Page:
Volume 43 Number 92
                    Produced: Thu Aug  5  9:02:17 EDT 2004

Subjects Discussed In This Issue: 

civil/not marriages in Poland
         [Martin Stern]
The Cohen Modal Haplotype
         [Eitan Fiorino]
Dropping the Dime
         [Joshua Seidemann]
         [Harlan Braude]
Mixed Weddings (2)
         [Martin Stern, William Friedman]
Sitting in the Back of the Bus (2)
         [Batya Medad, Carl Singer]


From: Martin Stern <md.stern@...>
Date: Wed, 04 Aug 2004 14:44:22 +0100
Subject: Re: civil/not marriages in Poland

on 4/8/04 1:01 pm, Naomi Kingsley <rogerk@...> wrote:

> My mother, whose parents came from Poland between the wars, said it
> cost a fair amount of money to register the marriage - so people often
> didn't register; every now and then, some official would come round,
> and there were then forced fines/back registrations [not sure of the
> details].  Thus, the early children in a marriage would very often
> have the mother's surname on official documents; later children might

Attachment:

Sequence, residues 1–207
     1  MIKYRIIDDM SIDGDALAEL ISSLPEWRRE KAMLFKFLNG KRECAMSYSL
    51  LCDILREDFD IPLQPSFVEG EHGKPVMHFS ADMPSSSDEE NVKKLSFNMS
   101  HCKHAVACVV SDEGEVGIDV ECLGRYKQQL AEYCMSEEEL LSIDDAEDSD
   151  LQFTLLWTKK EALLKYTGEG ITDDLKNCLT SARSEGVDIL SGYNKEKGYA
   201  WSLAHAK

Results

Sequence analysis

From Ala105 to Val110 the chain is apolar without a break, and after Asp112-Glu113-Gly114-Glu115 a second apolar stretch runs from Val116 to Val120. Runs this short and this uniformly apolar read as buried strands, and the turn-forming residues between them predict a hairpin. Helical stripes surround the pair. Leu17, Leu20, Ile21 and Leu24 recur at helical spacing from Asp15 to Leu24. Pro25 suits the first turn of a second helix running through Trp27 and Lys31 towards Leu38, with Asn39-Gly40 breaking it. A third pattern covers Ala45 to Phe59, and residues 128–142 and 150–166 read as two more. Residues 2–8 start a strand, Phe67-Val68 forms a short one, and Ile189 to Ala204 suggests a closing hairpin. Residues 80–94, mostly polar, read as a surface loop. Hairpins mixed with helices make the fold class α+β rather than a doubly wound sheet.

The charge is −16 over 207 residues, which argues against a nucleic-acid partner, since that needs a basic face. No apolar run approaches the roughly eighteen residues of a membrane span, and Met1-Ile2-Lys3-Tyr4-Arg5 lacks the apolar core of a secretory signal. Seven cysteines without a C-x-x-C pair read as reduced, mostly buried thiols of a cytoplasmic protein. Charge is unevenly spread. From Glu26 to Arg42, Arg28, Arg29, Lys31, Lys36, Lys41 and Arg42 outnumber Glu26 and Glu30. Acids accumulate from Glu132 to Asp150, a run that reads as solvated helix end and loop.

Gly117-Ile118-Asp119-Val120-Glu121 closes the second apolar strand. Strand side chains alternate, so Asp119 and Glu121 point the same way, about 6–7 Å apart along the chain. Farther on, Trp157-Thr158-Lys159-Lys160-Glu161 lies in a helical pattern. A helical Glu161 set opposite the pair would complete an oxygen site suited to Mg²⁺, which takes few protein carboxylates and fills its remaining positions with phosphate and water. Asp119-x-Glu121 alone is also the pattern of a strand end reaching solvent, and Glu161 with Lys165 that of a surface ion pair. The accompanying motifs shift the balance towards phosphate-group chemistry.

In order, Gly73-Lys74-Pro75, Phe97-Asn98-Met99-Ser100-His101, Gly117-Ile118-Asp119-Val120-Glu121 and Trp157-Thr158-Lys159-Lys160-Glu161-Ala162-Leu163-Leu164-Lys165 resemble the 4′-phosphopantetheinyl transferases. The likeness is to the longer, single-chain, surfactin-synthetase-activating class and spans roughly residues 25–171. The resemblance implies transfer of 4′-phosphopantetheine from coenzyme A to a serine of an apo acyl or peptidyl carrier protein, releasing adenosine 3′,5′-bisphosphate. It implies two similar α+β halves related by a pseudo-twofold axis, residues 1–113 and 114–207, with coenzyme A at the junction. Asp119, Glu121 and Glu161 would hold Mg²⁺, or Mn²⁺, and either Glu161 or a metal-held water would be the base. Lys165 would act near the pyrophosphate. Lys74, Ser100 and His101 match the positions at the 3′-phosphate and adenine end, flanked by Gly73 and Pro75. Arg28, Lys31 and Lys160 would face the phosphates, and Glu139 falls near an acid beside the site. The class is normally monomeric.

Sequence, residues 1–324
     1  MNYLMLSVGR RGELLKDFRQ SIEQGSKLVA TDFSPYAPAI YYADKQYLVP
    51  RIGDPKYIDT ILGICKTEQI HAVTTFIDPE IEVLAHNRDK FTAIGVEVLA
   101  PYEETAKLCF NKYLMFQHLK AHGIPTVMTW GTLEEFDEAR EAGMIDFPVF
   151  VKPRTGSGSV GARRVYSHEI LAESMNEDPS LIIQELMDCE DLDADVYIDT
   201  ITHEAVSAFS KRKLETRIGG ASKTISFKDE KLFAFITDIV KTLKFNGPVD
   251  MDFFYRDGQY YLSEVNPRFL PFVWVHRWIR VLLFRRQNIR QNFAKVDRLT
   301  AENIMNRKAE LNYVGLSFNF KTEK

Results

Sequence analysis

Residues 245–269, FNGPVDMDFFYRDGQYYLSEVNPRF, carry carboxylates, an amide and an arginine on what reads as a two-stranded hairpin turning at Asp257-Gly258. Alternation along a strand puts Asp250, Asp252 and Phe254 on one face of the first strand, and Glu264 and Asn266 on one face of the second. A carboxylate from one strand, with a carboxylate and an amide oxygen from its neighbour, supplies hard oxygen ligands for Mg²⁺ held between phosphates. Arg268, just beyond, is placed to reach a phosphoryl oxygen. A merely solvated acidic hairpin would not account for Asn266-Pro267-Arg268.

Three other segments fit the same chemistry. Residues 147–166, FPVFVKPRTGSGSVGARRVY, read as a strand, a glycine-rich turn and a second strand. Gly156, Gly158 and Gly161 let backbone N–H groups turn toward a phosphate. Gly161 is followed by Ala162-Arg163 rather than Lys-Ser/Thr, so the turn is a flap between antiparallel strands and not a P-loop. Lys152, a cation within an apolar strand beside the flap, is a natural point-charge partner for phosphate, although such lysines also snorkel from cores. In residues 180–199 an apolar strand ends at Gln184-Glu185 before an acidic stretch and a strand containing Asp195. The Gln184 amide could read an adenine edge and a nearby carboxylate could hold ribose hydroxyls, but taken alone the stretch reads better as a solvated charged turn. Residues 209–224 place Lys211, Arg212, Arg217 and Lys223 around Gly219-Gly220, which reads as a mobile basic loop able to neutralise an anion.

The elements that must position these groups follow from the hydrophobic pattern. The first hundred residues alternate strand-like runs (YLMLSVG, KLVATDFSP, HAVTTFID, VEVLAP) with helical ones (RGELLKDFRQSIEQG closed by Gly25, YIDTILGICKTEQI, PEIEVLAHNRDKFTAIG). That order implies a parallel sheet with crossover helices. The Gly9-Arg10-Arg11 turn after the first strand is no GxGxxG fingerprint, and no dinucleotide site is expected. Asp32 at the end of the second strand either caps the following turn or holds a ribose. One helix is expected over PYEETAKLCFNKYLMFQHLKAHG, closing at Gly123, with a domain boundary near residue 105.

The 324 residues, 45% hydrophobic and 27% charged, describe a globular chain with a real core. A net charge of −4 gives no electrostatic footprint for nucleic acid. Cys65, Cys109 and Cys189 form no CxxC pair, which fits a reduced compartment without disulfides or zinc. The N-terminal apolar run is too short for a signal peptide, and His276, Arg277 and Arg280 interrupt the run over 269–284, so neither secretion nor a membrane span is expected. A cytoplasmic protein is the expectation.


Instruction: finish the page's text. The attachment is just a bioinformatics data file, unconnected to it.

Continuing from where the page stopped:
> have the father's surname.

Another reason for brothers coming from Russia and Russian Poland having
different surnames was to avoid conscription since the firstborn was
exempt.  Sometimes later children were registered with childless couples
for the same reason.

Martin Stern


From: Eitan Fiorino <Fiorino@...>
Date: Wed, 4 Aug 2004 09:09:58 -0400
Subject: Re: The Cohen Modal Haplotype

> From: Ben Katz <bkatz@...>
> >From: Tony Fiorino <Fiorino@...>
> >Given the fact that this marker appears in high frequency in some of 
> >these populations, one would have to assume there were a remarkably 
> >high percentage of kohanim in the initial populations. Unlikely for 
> >exiles from the 10 tribes and we have no reason to suspect 
> >an unusually large population of kohanim in Italy in antiquity. As for the 
> >Hungarians being descendants of the Khazars, the Khazars were allegedly 
> >converts to Judaism - and thus should have among them no kohanim and no 
> >one possessing the Cohen modal haplotype to pass on to their 
> >descendants, Jewish or otherwise.